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Recusal is the dismissal of a judge, attorney, or juror in a case when there are concerns that this person would not be able to participate fairly. This article focuses on judicial recusal, where a judge steps down from a case or is ordered to do so, depending on the circumstances. This is a safeguard within the legal system to prevent people with bias or interest in a case from playing a role in its outcome; a judge could not, for example, preside over a drunk driving case involving her son.
There are two methods for judicial recusal. In some cases, a judge may recuse himself. Judges cannot arbitrarily decide they do not want to serve on given cases and must provide a reason for asking not to serve. Judges with a financial or personal interest in a case could argue they have a conflict of interest, for example. Judges in higher courts like the Supreme Court may have participated in lower court cases and thus would not be fair parties to a higher court case. Notably, several Supreme Court justices have recused themselves from cases where their children are bringing the case to the court, an example of legal dynasties in action.
If a judge does not voluntarily step down, it may be possible to file a motion for recusal. This is more common in the lower courts, and in some nations, people cannot file motions to dismiss high court judges. In this situation, one of the parties to the case requests a recusal or reassignment because there is a concern about the judge's ability to handle the matter fairly.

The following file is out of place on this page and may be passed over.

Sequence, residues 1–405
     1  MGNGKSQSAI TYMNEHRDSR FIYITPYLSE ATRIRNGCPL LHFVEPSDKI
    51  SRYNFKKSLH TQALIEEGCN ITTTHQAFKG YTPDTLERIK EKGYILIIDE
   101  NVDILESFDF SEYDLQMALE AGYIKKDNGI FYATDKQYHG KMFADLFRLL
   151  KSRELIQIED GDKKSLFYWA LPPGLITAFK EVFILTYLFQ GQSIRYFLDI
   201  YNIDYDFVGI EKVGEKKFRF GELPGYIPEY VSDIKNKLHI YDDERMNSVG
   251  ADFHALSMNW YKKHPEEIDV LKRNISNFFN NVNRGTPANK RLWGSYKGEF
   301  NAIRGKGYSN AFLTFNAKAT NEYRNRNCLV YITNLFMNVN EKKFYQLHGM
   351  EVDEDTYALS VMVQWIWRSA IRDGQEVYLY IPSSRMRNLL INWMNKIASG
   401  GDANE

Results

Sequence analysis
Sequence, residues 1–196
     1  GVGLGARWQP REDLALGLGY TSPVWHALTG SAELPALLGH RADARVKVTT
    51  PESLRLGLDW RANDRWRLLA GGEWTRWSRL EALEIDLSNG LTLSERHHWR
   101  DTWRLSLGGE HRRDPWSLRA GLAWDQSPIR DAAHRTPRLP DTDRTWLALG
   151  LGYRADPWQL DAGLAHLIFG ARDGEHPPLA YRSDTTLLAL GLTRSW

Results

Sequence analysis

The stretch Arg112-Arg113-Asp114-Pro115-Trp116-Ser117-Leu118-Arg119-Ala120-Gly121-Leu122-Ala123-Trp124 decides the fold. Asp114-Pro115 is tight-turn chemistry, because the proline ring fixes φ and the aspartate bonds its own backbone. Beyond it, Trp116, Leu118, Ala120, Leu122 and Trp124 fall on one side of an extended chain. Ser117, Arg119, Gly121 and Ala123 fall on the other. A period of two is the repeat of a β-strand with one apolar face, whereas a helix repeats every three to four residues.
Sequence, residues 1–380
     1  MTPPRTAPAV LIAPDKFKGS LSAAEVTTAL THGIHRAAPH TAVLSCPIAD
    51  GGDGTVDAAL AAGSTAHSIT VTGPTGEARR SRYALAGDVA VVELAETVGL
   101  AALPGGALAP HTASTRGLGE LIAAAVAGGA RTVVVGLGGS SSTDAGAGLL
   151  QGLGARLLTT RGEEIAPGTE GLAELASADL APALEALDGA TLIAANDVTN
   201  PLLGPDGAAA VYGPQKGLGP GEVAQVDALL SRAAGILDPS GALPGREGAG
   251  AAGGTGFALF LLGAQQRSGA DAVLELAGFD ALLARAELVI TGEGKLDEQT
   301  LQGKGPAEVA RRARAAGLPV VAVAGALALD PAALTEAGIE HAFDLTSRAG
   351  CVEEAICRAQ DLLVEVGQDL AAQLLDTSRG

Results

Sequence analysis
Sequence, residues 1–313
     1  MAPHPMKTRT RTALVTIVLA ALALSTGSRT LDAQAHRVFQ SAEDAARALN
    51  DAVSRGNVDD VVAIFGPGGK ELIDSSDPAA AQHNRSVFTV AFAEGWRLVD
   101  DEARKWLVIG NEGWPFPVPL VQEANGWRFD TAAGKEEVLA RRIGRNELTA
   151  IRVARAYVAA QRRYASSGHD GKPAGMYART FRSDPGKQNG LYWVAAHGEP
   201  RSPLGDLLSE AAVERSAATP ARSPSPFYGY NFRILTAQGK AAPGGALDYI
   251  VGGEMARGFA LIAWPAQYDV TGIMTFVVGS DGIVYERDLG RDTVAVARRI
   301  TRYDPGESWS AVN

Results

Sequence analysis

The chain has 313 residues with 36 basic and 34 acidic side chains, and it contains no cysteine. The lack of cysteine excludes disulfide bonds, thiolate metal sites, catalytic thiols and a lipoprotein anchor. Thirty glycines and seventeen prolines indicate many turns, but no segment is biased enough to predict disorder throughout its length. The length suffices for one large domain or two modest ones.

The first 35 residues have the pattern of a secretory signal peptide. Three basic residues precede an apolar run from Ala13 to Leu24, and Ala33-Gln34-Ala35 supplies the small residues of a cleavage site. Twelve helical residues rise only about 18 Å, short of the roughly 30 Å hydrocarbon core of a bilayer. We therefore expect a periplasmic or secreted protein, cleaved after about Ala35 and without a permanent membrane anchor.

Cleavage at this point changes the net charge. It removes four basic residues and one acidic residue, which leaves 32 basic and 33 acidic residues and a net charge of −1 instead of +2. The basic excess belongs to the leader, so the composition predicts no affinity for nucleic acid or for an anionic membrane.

A black defendant, for instance, could request a different judge if the assigned judge has made racist comments outside of court, on the grounds that the judge would have a bias against the defendant. Likewise, a plaintiff in a lawsuit against a public company could ask the judge to step down because she holds shares in the company and would have a bias in favor of the respondent.
When a judicial recusal takes place, the court may assign a new judge to the case or allow it to move forward with fewer than the usual number of judges in the case of a panel like the Supreme Court. If recusals due to conflicts of interest become a very common problem, a judge may be reassigned to a court in another region to eliminate this issue. This can occur in small communities where judges end up knowing everyone and developing a number of close personal connections.
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